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Monday, September 25, 2023

UF team builds concrete reefs to study overfished grouper

Whether you like your grouper blackened or baked, a UF associate professor has been working on saving the fish favorite for the past 17 years, according to a UF press release.

Bill Lindberg, a UF associate professor, and his team of researchers and students have been on a quest to understand how artificial reefs can increase a dwindling population of gag grouper, a popular game and food fish.

The team has been doing this by building a 26-mile span of artificial reefs using 1,350 tons of concrete tubing in the Gulf of Mexico. The reefs are located about 20 miles off shore between the coasts of Levy and Dixie counties.

It has studied the reef's impact on the grouper, according to the release.

Their work has recently been extended with additional funding of ,1 million.

Lindberg said gag grouper is in the midst of a severe overfishing crisis.

The release stated that in 2004, scientists confirmed that grouper fishing on the west coast of Florida has increased by almost four times in the past 20 years, making Lindberg's efforts even more timely and urgent.

After Lindberg's team put the reefs in place, individual fish were tagged so their movements could be monitored and behaviors scrutinized.

Lindberg said he and his researchers concluded that smaller reefs were highly beneficial to the grouper.

In smaller reefs, there are fewer fish and less competition for food, which leads to bigger and healthier fish.

Healthier fish, Lindberg said, produce more eggs and potentially more offspring.

"Smaller, widely-distributed reefs give you more bang for your buck," Lindberg said. "Fish like densely-populated areas, but grow faster and are less likely to be fished in small reefs."

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Lindberg said the artificial reefs are located halfway between inshore sea grass beds, where young grouper mature, and the deep gulf waters, where they eventually go to reproduce.

Lindberg calls this in-between area "the bottleneck."

The bottleneck is where the population suffers its heaviest losses to predators and faces heavy competition for resources. By placing the reefs there, he gives grouper a place to hide and grow before reproducing, he said.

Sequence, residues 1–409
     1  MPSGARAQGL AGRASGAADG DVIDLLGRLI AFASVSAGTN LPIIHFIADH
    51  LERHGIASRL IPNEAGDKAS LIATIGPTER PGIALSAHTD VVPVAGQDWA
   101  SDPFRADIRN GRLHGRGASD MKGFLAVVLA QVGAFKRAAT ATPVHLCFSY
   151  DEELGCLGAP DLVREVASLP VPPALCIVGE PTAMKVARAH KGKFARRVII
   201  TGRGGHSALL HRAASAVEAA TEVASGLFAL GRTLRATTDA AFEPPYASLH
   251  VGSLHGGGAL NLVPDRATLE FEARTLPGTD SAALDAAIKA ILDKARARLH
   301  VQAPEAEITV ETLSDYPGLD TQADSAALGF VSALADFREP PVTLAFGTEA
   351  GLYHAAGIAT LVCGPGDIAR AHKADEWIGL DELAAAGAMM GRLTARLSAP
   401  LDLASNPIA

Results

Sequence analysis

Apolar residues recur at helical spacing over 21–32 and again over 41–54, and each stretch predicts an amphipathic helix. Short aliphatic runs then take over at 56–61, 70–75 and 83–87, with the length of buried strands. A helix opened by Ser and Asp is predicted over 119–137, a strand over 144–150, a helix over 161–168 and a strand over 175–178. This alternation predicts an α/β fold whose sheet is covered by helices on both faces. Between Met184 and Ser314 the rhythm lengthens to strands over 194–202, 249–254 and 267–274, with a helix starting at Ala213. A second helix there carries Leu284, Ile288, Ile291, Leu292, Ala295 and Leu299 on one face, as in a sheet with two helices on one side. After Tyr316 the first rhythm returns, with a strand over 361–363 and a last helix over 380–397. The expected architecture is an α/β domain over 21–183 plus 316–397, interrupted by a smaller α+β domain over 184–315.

The concrete reefs mimic the dimension and structure of limestone outcroppings, stone reefs that are native to the area.

Lindberg said the incoming money would fund a second and bigger reef system that's already in the planning stages, called the Steinhatchee Fisheries Management Area.

This reef will not be primarily for research, but will act as a working shelter for the grouper.

The project has been a partnership between UF's Institute of Food and Agricultural Sciences and several environmental organizations, including the Florida Fish and Wildlife Conservation Commission.

In the release, Jon Dodrill, an environmental administrator from the commission, said Lindberg's work constitutes, "one of the largest artificial reef projects that's been undertaken."

Lindberg said the artificial reefs are powerful when it comes to replenishing the shrinking grouper population.

The reefs won't solve the overfishing problem, he said.

"There is a scientific consensus that artificial reefs cannot completely offset the fishing pressure," Lindberg said. "They are not an alternative to properly managing the fishing effort, but just one tool in the toolbox."

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